Byline: Rosemary Feitelberg

NEW YORK — Bonjour has signed a licensing deal with the Levy Group to produce moderate-price sportswear and jeans for spring 2003.
Impressed with the Levy Group’s 10-year-old sportswear division, Wildlife, Bonjour decided to nix its original plan to produce jeans in-house. The Levy Group is widely known for its outerwear, but $40 million of its $200 million business stems from Wildlife, said Bonjour Group managing director Carmine Porcelli.
Bonjour also is considering developing an outerwear line down-the-road, he said.
Bonjour sportswear and denim will be aimed at the “hip new moderate zone” in department stores and is “not looking to be just another brand fitting in,” Porcelli said. The sportswear and denim will be designed to work together and should ring up $10 million in first-year wholesale volume, he said.
This is the first time Bonjour non-denim sportswear has been offered. The brand has largely been known for its tight-fitting jeans, which were popular with high school girls in the Eighties. The company has not produced jeans since the early Nineties. The Bonjour Group also produces the Faded Glory jeans line for Wal-Mart and Route 66 jeans for Kmart.
Bonjour’s new look will be previewed at the Wildlife showroom at 1411 Broadway in June, and officially launched in August. Wildlife is a wholly owned subsidiary of the Levy Group, which already houses its Wildlife and Maren sportswear labels.
“This is a huge opportunity in moderate sportswear to have a lifestyle brand,” said Donald Levy, president of the Levy Group. “We’re always looking to grow and expand our company with relationships that make sense.”
In addition to the sportswear labels, the Levy Group produces outerwear under the Liz Claiborne, Dana Buchman, Esprit, Donnybrook and Braetan labels.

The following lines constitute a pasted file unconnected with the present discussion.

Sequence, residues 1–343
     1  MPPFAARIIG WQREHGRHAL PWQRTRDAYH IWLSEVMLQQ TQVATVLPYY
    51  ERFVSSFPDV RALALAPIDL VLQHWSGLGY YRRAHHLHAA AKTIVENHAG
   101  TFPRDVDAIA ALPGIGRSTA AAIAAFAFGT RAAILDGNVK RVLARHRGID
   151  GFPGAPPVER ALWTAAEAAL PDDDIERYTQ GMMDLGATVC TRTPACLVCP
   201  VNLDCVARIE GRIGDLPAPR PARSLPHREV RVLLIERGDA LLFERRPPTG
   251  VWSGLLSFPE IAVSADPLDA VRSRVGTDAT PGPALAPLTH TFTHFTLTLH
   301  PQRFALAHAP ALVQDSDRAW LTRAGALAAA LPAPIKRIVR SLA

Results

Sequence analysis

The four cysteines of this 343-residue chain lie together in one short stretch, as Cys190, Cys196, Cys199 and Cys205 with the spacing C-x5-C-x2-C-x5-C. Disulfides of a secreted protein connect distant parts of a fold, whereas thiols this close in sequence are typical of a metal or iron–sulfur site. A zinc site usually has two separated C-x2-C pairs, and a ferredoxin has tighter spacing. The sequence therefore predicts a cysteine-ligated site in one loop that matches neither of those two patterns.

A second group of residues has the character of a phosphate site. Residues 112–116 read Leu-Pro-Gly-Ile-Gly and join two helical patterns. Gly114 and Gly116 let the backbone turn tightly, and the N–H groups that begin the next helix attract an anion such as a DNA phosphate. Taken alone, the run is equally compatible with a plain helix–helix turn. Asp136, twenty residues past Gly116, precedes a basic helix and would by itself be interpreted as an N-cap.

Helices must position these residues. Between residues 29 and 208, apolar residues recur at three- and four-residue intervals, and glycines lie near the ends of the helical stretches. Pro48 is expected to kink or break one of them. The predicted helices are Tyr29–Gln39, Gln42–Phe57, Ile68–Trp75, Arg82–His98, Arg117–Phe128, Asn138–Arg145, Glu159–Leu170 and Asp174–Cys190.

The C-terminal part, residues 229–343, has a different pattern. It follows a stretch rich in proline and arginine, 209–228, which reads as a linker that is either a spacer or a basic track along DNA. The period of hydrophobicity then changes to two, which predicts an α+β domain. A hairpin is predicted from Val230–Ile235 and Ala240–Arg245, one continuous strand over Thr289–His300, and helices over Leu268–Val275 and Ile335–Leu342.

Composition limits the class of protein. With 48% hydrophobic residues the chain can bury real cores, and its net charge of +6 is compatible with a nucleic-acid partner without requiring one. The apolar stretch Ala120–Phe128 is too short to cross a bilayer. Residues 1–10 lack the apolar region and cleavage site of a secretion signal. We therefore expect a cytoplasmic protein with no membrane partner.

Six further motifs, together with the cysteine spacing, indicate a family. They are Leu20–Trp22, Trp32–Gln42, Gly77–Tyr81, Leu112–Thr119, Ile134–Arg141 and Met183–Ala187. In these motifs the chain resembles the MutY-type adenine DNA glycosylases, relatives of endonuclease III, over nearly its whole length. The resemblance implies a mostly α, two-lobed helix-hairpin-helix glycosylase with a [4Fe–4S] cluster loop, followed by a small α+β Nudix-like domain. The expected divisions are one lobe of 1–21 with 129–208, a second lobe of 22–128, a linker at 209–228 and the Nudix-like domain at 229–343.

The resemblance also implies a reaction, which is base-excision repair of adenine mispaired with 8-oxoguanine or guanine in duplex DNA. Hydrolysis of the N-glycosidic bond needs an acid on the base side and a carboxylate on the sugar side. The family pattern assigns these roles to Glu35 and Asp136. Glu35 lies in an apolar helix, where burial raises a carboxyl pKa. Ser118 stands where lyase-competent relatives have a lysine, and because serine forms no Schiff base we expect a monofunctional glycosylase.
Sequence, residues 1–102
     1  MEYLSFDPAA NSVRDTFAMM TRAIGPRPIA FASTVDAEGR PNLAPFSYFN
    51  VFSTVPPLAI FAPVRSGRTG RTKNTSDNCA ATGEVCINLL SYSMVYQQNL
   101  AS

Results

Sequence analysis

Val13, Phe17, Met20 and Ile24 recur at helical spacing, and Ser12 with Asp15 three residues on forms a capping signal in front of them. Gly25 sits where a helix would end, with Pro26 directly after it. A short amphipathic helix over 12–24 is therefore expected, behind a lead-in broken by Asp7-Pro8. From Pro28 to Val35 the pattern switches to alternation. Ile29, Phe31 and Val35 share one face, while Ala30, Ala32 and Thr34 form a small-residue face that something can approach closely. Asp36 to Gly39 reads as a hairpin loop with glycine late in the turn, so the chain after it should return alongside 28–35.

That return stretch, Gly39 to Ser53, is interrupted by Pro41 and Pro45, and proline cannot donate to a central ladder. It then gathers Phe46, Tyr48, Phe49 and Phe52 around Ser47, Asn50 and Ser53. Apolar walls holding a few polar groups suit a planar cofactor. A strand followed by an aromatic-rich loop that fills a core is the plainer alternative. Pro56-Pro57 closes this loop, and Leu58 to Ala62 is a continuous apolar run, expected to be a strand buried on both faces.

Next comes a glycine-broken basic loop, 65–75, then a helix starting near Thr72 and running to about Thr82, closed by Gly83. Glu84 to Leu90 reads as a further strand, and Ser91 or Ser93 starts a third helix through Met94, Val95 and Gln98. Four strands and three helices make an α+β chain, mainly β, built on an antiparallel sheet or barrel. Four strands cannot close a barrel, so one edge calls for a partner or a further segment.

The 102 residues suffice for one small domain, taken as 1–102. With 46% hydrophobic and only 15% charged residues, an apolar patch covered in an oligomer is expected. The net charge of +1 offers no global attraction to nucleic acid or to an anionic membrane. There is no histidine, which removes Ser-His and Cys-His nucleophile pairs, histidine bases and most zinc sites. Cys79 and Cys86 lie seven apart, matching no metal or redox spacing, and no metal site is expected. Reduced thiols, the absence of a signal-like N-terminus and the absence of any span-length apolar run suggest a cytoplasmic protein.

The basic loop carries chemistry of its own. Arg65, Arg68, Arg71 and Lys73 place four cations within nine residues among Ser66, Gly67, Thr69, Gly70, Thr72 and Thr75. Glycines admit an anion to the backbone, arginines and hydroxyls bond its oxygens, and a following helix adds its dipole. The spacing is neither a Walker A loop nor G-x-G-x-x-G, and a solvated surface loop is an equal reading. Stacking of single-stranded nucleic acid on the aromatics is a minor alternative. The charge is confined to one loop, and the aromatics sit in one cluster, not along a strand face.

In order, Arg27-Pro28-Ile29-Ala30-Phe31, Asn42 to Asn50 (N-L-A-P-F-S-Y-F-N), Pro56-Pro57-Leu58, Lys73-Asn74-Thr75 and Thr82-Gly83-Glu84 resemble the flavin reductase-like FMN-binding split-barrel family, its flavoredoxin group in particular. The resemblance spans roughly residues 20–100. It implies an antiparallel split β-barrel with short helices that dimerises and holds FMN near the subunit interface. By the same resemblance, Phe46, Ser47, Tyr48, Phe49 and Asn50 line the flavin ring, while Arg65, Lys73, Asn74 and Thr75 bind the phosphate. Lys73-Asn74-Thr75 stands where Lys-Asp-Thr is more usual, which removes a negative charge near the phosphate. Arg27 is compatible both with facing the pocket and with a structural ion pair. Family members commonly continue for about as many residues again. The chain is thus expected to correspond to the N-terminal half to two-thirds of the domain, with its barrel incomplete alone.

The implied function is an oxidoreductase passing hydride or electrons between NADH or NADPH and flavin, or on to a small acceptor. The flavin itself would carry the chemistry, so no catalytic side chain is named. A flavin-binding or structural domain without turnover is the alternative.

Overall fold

Porcelli noted that the offerings “will have a definite edge and won’t be in any way another basic five-pocket jean.” Knits and woven jackets, skirts, pants and denim will wholesale from $14 to $30, with jeans wholesaling for $14 to $20. Bonjour is going after women who can no longer shop in the junior department, but want an “updated contemporary missy fit,” Porcelli said.
“We are building a business, we’re not just getting the numbers out there. We’re going to be very controlled in the selling of it and we want to be sure we keep it where we have some relevance and sell-throughs,” Porcelli said. “We’re not trying to overindulge the market to try to become a huge, billion-dollar player overnight. In today’s world, there is so much product already out there, that we need to keep it distinctive and build a signature look.”
To try to do that, the company will spend upward of $1 million for an outdoor advertising campaign on taxis, buses and kiosks. The Bonjour Group also is pursuing licenses for women’s accessories, sleepwear and fragrance.

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